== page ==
Example 1

Preparation of 4-amino-5-(N-methylamino)-2′,7′-difluoro-3′,6′-dihydroxy-spiro[isobenzofuran-1(3H),9′-[9H]xanthen]-3-one DAF-FM)

(a) 2,3-Dimethyl-6-nitroacetanilide (1)

2,3-Dimethyl-6-nitroaniline (25.3 g, 0.152 mol) was dissolved in acetic acid (290 ml), and the solution was added with acetic anhydride (15 ml, 0.159 mol) and refluxed for 1 hour. After the solvent was evaporated, the residue was recrystallized from ethanol to obtain the title compound (29.3 g, 98%).

1H-NMR (300 MHz, CDCl3) δ 2.18 (3H, s); 2.24 (3H, s); 2.39 (3H, s); 7.18 (1H, d, J=8.3 Hz); 7.80 (1H, d, J=8.3 Hz); 8.46 (1H, s)

(b) 3-Acetamide-4-nitrophthalic acid (2)

2,3-Dimethyl-6-nitroacetanilide (29.2 g, 0.140 mol) was suspended in water (1 liter), and the suspension was added with MgSO4 (100 g, 0.831 mol) and refluxed, and then added with KMnO4 (133 g, 0.841 mol) suspended portionwise in water (2 liters in total). The hot reaction mixture was filtered, and the filtrate was added and saturated with sodium chloride. After cooling, the mixture was acidified with cold HCl, and precipitates were collected by filtration. The filtrate was extracted with ethyl acetate, and the solvent was evaporated to obtain the title compound (19.6 g, 52%).

1H-NMR (300 MHz, DMSO-d6) δ 1.97 (3H, s); 7.90 (1H, d, J=8.4 Hz); 8.04 (1H, d, J=8.4 Hz); 10.13 (1H, s); 13.5 (2H, br)

(c) 3-Acetamido-4-nitrophthalic anhydride (3)

3-Acetamido-4-nitrophthalic acid (0.538 g, 2.00 mmol) was dissolved in acetic anhydride (10 ml) at 80° C., and the solution was added with acetyl chloride (1 ml) and stirred for 2 hours. The solvent was evaporated, and a small amount of anhydrous dichloromethane was added to the residue, and precipitates were collected by filtration to obtain the title compound (0.29 g, 58%).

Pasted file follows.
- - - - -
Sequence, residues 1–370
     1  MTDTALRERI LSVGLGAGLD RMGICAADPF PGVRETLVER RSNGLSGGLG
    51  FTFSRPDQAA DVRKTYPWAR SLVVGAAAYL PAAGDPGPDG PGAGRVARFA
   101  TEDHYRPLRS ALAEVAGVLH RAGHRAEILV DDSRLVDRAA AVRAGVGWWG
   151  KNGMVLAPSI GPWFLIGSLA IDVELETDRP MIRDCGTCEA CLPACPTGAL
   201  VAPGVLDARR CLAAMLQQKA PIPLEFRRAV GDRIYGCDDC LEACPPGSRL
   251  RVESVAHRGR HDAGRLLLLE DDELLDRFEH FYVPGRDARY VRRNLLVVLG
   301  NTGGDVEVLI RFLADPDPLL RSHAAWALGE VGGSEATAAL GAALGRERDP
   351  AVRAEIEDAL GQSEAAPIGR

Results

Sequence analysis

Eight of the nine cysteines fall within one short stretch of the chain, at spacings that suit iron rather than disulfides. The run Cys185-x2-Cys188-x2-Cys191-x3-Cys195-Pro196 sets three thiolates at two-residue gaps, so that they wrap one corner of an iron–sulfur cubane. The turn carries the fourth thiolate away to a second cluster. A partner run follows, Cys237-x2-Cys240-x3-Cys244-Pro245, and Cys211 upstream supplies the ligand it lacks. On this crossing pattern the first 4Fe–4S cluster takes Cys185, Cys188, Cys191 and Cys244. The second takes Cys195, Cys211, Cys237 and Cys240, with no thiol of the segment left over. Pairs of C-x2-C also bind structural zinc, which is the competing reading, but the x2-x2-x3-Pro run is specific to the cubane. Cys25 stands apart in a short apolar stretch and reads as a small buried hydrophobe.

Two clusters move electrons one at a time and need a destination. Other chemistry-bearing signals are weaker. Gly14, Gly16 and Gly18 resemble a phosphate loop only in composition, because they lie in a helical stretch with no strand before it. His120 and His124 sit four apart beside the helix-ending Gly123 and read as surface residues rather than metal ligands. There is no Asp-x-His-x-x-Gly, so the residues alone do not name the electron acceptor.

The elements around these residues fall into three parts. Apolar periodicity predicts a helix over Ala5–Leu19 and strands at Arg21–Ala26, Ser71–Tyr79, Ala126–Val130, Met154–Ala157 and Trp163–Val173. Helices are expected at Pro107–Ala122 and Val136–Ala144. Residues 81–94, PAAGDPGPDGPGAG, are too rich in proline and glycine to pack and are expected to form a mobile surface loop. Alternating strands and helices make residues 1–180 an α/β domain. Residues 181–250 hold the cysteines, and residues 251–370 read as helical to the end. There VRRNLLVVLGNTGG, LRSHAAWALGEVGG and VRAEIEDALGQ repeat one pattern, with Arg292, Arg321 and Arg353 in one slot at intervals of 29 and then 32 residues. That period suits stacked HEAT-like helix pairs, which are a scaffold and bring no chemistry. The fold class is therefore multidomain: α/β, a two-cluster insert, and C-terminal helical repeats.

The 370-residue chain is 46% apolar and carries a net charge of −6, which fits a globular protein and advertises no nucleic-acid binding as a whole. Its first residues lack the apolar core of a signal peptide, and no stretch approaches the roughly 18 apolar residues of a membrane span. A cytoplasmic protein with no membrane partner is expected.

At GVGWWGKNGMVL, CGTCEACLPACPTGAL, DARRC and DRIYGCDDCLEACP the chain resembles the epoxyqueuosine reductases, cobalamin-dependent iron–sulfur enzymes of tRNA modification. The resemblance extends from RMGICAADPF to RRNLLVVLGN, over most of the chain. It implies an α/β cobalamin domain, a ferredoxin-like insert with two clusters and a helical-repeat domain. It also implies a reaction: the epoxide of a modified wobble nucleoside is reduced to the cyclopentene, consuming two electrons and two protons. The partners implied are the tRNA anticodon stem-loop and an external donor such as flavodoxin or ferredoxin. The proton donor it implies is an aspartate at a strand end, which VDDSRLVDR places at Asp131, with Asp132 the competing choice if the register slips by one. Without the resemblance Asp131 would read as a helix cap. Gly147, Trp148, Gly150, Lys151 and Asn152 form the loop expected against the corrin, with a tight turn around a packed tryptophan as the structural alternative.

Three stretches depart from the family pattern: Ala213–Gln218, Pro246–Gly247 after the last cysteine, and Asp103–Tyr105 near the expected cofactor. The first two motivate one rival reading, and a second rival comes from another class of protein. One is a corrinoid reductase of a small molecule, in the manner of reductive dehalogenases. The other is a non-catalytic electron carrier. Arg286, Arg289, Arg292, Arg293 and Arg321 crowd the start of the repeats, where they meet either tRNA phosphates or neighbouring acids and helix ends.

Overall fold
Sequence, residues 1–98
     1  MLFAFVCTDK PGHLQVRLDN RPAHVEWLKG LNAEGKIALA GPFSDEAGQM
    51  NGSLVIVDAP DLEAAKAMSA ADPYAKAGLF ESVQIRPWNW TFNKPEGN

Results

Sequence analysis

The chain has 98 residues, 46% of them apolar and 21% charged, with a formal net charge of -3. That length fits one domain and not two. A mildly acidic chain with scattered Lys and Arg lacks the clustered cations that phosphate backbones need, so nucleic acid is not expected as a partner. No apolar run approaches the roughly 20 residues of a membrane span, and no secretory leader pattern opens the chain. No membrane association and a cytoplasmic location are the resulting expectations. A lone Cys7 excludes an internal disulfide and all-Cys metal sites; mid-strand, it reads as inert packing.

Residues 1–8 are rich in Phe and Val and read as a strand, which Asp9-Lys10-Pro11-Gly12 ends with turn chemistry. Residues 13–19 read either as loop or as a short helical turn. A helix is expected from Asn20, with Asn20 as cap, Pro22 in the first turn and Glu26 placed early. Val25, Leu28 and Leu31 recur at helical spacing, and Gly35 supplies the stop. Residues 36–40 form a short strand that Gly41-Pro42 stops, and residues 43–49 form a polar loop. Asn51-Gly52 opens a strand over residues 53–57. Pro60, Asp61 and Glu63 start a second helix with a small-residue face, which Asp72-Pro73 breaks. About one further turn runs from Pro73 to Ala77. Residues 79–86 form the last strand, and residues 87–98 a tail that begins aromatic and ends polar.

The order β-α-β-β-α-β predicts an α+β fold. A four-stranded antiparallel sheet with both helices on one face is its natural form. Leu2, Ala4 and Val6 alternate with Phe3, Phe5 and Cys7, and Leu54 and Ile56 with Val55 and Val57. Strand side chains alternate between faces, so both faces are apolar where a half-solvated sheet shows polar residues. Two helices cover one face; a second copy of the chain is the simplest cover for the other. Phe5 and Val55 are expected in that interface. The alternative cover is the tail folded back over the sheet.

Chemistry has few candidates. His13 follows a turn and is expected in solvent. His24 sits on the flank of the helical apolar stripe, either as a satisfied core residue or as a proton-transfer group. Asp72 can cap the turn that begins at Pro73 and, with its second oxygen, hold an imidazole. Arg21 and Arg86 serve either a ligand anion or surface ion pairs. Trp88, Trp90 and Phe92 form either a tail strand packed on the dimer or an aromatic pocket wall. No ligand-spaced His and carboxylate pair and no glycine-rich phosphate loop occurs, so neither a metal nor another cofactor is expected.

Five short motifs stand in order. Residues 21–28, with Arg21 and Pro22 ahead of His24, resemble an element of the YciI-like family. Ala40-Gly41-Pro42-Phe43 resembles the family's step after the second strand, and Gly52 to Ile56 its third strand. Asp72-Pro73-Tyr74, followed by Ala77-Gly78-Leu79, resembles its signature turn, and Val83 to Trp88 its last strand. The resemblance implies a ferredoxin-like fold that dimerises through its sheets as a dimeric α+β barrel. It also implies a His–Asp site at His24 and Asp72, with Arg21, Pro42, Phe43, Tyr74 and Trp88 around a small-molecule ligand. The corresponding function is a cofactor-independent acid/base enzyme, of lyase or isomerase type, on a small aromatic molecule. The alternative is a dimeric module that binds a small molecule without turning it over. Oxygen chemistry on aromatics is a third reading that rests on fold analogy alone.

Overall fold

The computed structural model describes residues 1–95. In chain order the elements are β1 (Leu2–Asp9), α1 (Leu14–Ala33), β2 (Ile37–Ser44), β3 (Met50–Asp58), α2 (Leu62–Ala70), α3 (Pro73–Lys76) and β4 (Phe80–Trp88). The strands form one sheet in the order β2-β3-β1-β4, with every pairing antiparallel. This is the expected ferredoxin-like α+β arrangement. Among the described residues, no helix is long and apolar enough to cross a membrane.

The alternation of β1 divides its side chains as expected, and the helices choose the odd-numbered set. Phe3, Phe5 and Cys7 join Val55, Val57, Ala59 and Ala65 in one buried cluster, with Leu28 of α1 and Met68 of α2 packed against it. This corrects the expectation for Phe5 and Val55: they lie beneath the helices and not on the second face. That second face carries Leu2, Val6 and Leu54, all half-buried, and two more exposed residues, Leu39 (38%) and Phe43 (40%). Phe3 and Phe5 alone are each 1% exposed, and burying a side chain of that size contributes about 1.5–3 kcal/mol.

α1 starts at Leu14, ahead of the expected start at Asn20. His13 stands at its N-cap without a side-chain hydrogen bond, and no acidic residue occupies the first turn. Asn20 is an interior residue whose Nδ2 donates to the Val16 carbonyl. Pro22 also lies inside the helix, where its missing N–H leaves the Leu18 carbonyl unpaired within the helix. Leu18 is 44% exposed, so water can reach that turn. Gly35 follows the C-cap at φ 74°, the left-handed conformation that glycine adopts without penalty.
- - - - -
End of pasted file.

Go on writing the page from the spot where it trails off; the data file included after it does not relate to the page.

1H-NMR (300 MHz, CDCl3) δ 2.35 (3H, s); 7.89 (1H, d, J=8.2Hz); 8.45 (1H, d, J=8.2 Hz); 9.01 (1H, s)

(d) 4-Amino-5-nitro-2′,7′-difluoro-3′,6′-dihydroxy-spiro[isobenzofuran-1(3H),9′-[9H]xanthen]-3-one (4:3-amino-4-nitrodifluorofluorescein)

3-Acetamido-4-nitrophthalic anhydride (1.3 g, 5.0 mmol) and 4-fluororesorcinol (1.3 g, 10 mmol) were added to methanesulfonic acid (10 ml), and the mixture was stirred at 80° C. under an argon atmosphere for 60 hours. The reaction mixture was added with water (120 ml) and refluxed for 2 hours. The reaction mixture was adjusted to pH 2, and precipitates were collected by filtration. The obtained product was dried and purified by silica gel chromatography (3% methanol/97% dichloromethane, v/v) to obtain the title compound (1.3 g, 61%).

1H-NMR (300 MHz, DMSO-d6) δ 6.40 (d, 1H, J=8.6); 6.87 (d, 2H, J=7.3 Hz); 6.89 (d,2H, J=11.3 Hz); 7.95 (br,2H); 8.36 (d, 1H, J=8.6 Hz); 10.8 (br, 2H)

(e) 4,5 -Diamino-2′,7′-difluoro-3′,6′-dihydroxy-spiro[isobenzofuran-1(3H),9′-[9H]-xanthen]-3-one (5: 3,4-diaminodifluorofluorescein) (DAF-7)

4-Amino-5 -nitro-2′,7′-difluoro-3′,6′-dihydroxy-spiro [isobenzofuran-1(3H),9′-[9H]xanthen]-3-one (1.3 g, 3.0 mmol) was added to an aqueous solution of Na2S and NaSH, and the mixture was refluxed for 24 hours. The reaction mixture was cooled, and adjusted to pH 3 with hydrochloric acid, and precipitates were collected by filtration. The obtained product was dried and purified by silica gel chromatography to obtain the title compound (0.94 g, 78%).

1H-NMR (300 MHz, DMSO-d6) δ 5.10 (s, 2H); 5.94 (s, 2H); 6.11 (d, 1H, J=7.9 Hz); 6.48 (d, 2H, J=11.3 Hz); 6.81 (d, 1H, J=7.9 Hz); 6.83 (d, 2H, J=7.5 Hz); 10.6 (br, 2H)

(f)4-Amino-5-(N-methylamino)-2′,7′-difluoro-3′,6′-dihydroxy-spiro[isobenzofuran-1(3H),9′-[9H]xanthen]-3-one (6: DAF-FM)

DAF-7 (0.94 g, 2.4 mmol) was dissolved in ethanol (200 ml), and the solution was added with methyl iodide and stirred at 80° C. under argon atmosphere for 3 hours. The product was purified by silica gel chromatography and preparative TLC to obtain the title compound (0.15 g, 15%). The compound was further purified by recrystallization from methanol.

1H-NMR (300 MHz, DMSO-d6) δ 2.79 (d, 3H, J=4.6 Hz); 5.32 (q, 1H, J=4.6 Hz); 6.05 (s, 2H); 6.23 (d, 1H, J=7.8 Hz); 6.48 (d, 2H, J=11.3 Hz); 6.65 (d, 1H, J=7.8 Hz); 6.83 (d, 2H, J=7.5 Hz); 10.6 (br, 2H)